The HUAC decisions turned Hollywood on its end. Before the investigations began, many in the entertainment industry supported far left political viewpoints. However, pressure from the government and diminished public support forced members of the Hollywood community to either remain silent or promote more conservative views. To emphasize their zero-tolerance stance against left-wing opinions, U.S. government officials refused to let British-born actor Charlie Chaplin re-enter the country because he displayed sympathetic alignment with Leftist beliefs. Many other actors, writers, and directors considered "high security risks" were banned from jobs where they might weave Communist propaganda into American movies. The Hollywood blacklist ruined the careers of many individuals and forced some to create alias identities to secure work.
In 1950, Nevada Senator Pat McCarran chaired a committee to expand the basis of the Federal Loyalty Program to investigate "common people," namely professors, diplomats, union leaders, and school teachers. The committee focused on forcing the targets to identify friends or associates who might have Communist connections.
McCarran and his committee members developed the Internal Security Act (ISA), which required every "Communist-front organization" to register with the attorney general. Members of Communist organizations were prohibited from conducting defense work and could not travel internationally. The law also gave the president the authority to arrest and detain suspects in internment camps in case of national emergency. Although Truman vetoed the bill because he believed it dangerously resembled police-state tactics, Congress overrode the veto and passed the bill. Over the course of the next 40 years, sections of the ISA were ruled unconstitutional before it was completely repealed by the Supreme Court in 1990.
The Korean War and advances in nuclear weaponry by Soviet scientists promoted the rapid spread of anti-Communist sentiment throughout America. Public fears that Communist spies were infiltrating the U.S. government and undermining foreign policy led to the introduction of strict security measures. However, many Americans believed that their traditional freedoms—primarily free speech and the right of political dissent—would erode in the climate of the Cold War.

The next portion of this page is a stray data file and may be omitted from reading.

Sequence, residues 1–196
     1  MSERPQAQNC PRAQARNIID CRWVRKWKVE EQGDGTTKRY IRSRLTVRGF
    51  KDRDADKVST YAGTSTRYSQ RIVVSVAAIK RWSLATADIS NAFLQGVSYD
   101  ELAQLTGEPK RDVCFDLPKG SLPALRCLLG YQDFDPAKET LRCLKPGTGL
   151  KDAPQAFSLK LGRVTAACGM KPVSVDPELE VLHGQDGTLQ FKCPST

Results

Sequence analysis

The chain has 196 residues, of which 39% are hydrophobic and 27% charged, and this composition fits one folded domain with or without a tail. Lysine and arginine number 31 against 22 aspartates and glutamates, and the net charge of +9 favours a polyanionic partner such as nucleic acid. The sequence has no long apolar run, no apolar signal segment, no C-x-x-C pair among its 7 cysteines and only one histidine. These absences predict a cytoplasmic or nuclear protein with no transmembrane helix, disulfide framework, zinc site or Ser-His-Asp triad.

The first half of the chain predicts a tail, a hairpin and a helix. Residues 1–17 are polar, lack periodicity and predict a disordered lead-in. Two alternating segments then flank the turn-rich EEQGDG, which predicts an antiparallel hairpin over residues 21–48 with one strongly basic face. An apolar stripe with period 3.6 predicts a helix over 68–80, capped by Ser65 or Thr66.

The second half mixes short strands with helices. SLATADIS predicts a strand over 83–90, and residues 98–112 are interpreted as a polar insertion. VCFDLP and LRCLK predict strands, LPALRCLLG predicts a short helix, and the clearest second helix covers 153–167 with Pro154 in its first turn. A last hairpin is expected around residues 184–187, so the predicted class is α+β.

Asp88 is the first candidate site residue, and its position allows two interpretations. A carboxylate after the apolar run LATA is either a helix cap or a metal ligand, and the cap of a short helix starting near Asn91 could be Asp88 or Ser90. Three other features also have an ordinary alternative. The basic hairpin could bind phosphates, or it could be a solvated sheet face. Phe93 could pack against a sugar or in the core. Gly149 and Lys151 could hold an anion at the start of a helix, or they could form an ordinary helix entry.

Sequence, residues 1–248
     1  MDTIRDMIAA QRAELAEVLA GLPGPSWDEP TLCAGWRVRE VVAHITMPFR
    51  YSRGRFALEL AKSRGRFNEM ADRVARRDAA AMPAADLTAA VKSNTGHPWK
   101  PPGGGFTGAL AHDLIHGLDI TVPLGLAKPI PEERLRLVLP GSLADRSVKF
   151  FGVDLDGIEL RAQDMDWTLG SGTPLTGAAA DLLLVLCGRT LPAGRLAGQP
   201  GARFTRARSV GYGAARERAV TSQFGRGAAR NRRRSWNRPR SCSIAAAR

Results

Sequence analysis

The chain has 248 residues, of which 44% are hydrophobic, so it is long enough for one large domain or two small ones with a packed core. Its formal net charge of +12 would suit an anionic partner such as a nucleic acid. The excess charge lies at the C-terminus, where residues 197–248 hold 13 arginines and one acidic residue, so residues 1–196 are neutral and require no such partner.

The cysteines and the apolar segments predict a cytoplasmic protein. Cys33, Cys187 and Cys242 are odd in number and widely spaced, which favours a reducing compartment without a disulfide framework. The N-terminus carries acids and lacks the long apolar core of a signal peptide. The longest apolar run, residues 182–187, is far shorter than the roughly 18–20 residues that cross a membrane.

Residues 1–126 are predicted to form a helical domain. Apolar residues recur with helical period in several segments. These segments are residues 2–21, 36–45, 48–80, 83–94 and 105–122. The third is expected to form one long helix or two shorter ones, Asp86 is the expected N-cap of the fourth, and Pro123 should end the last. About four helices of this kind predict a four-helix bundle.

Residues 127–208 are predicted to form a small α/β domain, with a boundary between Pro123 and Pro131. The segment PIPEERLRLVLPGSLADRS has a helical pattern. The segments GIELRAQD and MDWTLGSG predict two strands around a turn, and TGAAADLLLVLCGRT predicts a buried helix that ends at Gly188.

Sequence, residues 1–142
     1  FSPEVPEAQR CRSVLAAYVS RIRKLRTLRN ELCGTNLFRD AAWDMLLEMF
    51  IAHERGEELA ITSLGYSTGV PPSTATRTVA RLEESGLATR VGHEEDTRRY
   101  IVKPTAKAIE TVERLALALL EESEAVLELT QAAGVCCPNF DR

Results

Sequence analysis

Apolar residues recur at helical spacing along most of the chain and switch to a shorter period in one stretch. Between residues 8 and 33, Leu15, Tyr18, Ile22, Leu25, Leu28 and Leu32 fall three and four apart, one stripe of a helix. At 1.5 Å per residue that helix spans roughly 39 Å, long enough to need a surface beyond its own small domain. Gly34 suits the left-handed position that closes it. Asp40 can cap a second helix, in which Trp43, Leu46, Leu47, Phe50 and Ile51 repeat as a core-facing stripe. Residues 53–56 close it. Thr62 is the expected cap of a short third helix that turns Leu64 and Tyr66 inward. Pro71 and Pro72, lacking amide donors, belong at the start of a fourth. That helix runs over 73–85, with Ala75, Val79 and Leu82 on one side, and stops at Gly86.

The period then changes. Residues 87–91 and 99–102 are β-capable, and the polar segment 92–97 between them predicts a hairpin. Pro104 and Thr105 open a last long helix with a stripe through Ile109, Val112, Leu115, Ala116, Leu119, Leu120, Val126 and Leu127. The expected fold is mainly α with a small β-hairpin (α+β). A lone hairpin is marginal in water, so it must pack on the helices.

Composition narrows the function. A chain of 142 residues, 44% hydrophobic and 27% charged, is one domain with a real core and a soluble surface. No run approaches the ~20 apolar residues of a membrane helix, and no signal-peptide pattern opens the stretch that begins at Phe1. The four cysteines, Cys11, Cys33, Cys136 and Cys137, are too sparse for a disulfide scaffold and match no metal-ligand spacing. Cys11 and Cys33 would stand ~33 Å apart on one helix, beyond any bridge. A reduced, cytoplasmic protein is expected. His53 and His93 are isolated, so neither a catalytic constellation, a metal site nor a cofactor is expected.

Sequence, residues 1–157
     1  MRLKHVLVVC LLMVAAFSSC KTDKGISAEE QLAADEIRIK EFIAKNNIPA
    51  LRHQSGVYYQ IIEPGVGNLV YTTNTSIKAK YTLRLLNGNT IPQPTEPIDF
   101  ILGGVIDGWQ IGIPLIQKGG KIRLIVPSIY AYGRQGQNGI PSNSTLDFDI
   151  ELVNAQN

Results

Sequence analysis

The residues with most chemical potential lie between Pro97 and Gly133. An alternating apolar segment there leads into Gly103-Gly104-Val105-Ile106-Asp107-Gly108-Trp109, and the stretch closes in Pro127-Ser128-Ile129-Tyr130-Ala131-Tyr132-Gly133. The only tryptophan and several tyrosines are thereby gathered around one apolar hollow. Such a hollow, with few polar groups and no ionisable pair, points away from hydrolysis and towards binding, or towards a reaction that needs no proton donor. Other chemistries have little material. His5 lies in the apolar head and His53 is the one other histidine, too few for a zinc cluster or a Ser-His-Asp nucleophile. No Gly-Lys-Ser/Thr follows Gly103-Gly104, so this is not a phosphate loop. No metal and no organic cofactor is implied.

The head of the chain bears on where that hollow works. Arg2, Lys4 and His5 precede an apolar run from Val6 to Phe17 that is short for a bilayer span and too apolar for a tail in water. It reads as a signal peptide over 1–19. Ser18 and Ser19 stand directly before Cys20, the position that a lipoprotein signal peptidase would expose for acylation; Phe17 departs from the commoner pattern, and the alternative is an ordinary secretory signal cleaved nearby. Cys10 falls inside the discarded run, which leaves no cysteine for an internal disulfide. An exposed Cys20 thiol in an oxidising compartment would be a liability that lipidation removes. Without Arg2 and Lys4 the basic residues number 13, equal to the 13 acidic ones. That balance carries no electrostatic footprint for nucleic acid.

In 1948, the hunt for subversives drew public attention when Time magazine editor Whittaker Chambers, a confessed former Communist, accused Alger Hiss, a former State Department official, of being part of an eight-member underground Communist group formed in Washington D.C. in the 1930s. Chambers explained that the group's primary objective was not espionage but rather to infiltrate the American government. According to Chambers, the people selected for the group were considered elite and expected to rise to positions of power and authority in the United States. "Their position in the government," said Chambers, "would be of much more service to the Communists Party."
Alger Hiss has an impressive career in government, which included a clerkship with Supreme Court justice Oliver Wendell Holmes, service as assistant counsel to the Nye Committee, and several years in the State Department. He also traveled to Yalta with President Roosevelt and oversaw the creation of the United Nations. In 1946, Hiss resigned his position at the State Department to accept the role of president of the Carnegie Endowment for International Peace.